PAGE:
Colombia: 95% Of Corn Imports Go to Animal Feed


Mar 27, 2023 | Agricultural Markets News

Reading time: 2 minutes

Colombian Corn production is forecast at 1.5 million MT with an estimated harvested area of 380,000 hectares (ha) in MY 2022/23. Rising input costs, primarily fertilizers, will affect productivity and discourage farmers from enlarging the planted area. Offsetting these factors, high local Corn prices that depend on the imported Corn price and exchange rate might contribute to maintaining Corn production on average levels. In MY 2021/22, FAS Bogota revised the Colombian Corn production figure by 3.9 percent from the estimated 1.6 million MT. This increase results from higher yields due to improvements in production practices and favorable weather conditions in some producing regions in the center of Colombia.

Steady Corn production in recent years results from improving yields due to technological advances and replacing traditional seeds with modern ones. In CY 2021, Colombia planted 142,974 hectares of genetically engineered (GE) Corn, the most ever planted in one year and 31 percent more than the previous year. Colombia produces yellow and white Corn. According to Fenalce, in CY 2021, 71 percent of Colombian total Corn production was yellow Corn; in the previous year, it accounted for 66 percent. The two types of Corn tend to be grown interchangeably by farmers, depending on market conditions, since they have the exact production requirements.

Corn production is divided into two categories: large-scale, modern production, which includes medium and large industrial farms, and traditional production, which is comprised of small landholdings. Colombia’s average Corn yield is nearly 4.0 MT/Ha. According to the Colombian Association of Cereal and Legume Producers (Fenalce), in a calendar year (CY) 2021, 81 percent of Colombia’s total Corn production was from modern, hybrid seed with an average yield of 5.5 MT/Ha. There are 17 producing regions in Colombia, but seven produce nearly 70 percent of total production.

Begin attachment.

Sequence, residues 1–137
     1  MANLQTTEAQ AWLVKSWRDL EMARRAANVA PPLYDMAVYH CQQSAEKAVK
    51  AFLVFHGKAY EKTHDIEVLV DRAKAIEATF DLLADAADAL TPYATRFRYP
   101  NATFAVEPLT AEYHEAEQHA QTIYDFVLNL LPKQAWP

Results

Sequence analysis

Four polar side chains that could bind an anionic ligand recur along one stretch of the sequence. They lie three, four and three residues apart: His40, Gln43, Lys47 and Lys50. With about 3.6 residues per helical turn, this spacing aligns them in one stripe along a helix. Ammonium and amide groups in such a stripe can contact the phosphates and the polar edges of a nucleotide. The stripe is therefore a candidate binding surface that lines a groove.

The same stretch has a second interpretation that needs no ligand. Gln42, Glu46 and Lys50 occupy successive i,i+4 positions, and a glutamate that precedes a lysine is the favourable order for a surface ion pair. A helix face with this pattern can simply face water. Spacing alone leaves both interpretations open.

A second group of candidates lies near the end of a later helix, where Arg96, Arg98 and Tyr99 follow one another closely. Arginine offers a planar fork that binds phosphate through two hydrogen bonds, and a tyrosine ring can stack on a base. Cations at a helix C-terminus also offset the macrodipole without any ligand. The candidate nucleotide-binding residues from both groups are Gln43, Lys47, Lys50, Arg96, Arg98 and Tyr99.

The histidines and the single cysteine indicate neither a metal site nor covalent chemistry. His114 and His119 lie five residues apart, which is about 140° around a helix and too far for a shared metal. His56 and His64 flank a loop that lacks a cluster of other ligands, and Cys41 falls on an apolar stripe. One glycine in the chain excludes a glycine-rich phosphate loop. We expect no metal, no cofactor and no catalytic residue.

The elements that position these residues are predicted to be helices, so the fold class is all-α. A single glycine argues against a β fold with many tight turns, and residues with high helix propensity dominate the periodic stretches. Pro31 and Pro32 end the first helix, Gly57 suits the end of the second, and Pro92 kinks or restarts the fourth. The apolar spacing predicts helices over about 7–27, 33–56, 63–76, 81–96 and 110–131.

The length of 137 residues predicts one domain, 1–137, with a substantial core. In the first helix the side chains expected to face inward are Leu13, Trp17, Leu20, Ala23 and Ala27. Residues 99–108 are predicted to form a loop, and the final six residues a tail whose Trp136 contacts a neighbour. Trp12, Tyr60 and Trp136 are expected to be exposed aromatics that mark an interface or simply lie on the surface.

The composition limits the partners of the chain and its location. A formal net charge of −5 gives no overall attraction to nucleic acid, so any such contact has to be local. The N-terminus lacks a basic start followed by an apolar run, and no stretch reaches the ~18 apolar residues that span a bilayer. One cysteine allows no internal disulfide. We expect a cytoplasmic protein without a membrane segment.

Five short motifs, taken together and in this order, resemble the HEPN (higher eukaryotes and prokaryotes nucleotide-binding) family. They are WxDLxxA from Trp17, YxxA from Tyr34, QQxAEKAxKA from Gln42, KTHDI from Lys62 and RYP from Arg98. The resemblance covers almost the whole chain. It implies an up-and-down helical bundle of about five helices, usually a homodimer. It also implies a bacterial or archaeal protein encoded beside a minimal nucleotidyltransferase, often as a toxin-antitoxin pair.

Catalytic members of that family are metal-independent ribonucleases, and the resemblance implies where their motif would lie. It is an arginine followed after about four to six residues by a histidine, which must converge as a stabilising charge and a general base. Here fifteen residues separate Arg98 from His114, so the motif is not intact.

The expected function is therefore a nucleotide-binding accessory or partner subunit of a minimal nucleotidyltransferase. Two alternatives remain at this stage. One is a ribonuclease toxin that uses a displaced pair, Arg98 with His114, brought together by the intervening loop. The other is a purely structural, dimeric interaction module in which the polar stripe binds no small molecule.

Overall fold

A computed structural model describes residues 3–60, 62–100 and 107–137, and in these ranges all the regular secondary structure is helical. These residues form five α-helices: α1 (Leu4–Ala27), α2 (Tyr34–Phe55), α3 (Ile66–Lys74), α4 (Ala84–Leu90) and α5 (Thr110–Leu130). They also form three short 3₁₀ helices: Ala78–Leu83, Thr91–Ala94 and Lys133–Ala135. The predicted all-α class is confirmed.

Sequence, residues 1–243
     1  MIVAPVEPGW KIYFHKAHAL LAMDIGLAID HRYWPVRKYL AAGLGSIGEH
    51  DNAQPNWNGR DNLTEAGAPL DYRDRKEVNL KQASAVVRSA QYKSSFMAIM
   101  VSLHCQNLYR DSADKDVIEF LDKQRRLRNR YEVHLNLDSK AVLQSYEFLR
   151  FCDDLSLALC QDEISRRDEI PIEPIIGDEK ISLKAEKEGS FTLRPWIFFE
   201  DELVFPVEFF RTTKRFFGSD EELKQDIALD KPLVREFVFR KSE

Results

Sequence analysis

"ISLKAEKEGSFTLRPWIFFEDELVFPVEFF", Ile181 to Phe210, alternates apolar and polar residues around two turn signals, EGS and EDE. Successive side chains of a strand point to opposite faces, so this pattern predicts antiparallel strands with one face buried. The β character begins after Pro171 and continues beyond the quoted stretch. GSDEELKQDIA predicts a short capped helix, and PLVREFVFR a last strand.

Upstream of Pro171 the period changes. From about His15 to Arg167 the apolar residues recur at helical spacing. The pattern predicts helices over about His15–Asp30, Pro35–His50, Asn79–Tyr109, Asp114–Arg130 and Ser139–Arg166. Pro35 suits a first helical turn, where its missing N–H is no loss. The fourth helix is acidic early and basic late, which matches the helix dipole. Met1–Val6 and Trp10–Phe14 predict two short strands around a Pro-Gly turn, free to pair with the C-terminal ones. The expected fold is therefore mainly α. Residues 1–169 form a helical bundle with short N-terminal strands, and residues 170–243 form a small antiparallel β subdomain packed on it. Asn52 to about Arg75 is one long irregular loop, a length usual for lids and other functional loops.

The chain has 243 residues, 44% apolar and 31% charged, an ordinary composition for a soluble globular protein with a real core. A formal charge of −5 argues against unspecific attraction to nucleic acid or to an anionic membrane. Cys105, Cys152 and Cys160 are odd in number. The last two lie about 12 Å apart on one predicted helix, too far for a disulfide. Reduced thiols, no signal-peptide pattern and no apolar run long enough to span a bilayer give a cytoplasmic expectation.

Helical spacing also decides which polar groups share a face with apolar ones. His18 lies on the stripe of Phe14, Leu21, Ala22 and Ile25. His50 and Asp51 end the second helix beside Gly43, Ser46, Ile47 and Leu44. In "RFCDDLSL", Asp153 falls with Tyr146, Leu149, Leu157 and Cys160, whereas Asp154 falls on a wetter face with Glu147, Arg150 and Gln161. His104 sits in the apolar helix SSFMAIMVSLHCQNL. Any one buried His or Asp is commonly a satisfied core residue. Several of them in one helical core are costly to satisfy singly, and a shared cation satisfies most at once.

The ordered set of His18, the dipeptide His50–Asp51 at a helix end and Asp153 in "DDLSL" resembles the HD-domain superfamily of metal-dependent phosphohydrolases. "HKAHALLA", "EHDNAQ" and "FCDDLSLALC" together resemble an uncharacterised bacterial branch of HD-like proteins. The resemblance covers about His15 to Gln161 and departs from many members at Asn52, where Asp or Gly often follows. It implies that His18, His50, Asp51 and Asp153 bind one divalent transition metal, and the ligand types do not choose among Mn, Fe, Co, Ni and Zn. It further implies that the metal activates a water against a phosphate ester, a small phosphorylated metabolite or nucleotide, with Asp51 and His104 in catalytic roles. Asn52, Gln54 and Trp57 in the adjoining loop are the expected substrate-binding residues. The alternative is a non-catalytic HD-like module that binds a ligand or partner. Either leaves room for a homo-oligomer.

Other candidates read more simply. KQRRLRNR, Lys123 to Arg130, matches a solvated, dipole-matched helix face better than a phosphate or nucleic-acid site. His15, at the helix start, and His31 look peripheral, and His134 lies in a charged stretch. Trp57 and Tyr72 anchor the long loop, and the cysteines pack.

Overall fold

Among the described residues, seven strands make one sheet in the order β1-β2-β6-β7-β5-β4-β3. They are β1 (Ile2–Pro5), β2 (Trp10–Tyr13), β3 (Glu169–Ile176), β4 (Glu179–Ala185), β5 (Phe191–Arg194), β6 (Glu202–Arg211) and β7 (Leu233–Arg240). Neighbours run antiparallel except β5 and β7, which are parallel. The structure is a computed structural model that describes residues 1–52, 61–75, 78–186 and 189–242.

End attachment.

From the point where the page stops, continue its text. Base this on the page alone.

Colombia: 95% Of Corn Imports Go to Animal Feed

Colombian Corn Consumption

Corn consumption is forecast to remain unchanged at 7.6 million MT in MY 2022/23. Despite Colombia’s economy recovering in 2022, increasing international prices of Corn and global uncertainty will slow down consumption growth. According to manufacturers, Corn represents nearly 60 percent of the animal feed formulation, and high-cost inputs can restrict production levels of animal proteins. In MY 2021/22, Corn consumption is estimated to reach the same 7.6 million MT driven by the economic recovery that increased demand, primarily from the animal feed sector.

In CY 2022, poultry and livestock sectors were expected to increase further due to increased animal protein demand from households and resumed operations of several economic sectors, including the food service and institutional sectors. In CY 2021, all animal protein sectors grew more than expected to respond to increasing demand due to Colombia’s economic growth. In 2021, Colombia’s GDP grew 10.2 percent, higher than the 7.8 percent estimate after the economic contraction of 6.8 percent in 2020.

Ninety-five percent of Corn imports are destined for animal feed, with the remaining 5 percent for human consumption. About 10 percent of local production is for animal feed, while 90 percent is for the food processing sector. Colombian Corn consumption is growing faster than production, and Colombia is highly dependent on imports. According to AgFlow data, Colombia imported 0.8 million tons of Corn from Brazil in Jan-Feb, followed by the US (0.3 million tons) and Argentina (0.1 million tons). Total import volume hit 6.7 million tons in 2022.

The largest consumer in the animal feed industry is the poultry sector, accounting for 65 percent of total feed imports in CY 2021. Livestock and swine sectors consumed 25 percent, and the remaining 10 percent was destined for aquaculture and household pets. The trends in feed demand determine grain feed imports and production in Colombia.

Other sources: USDA

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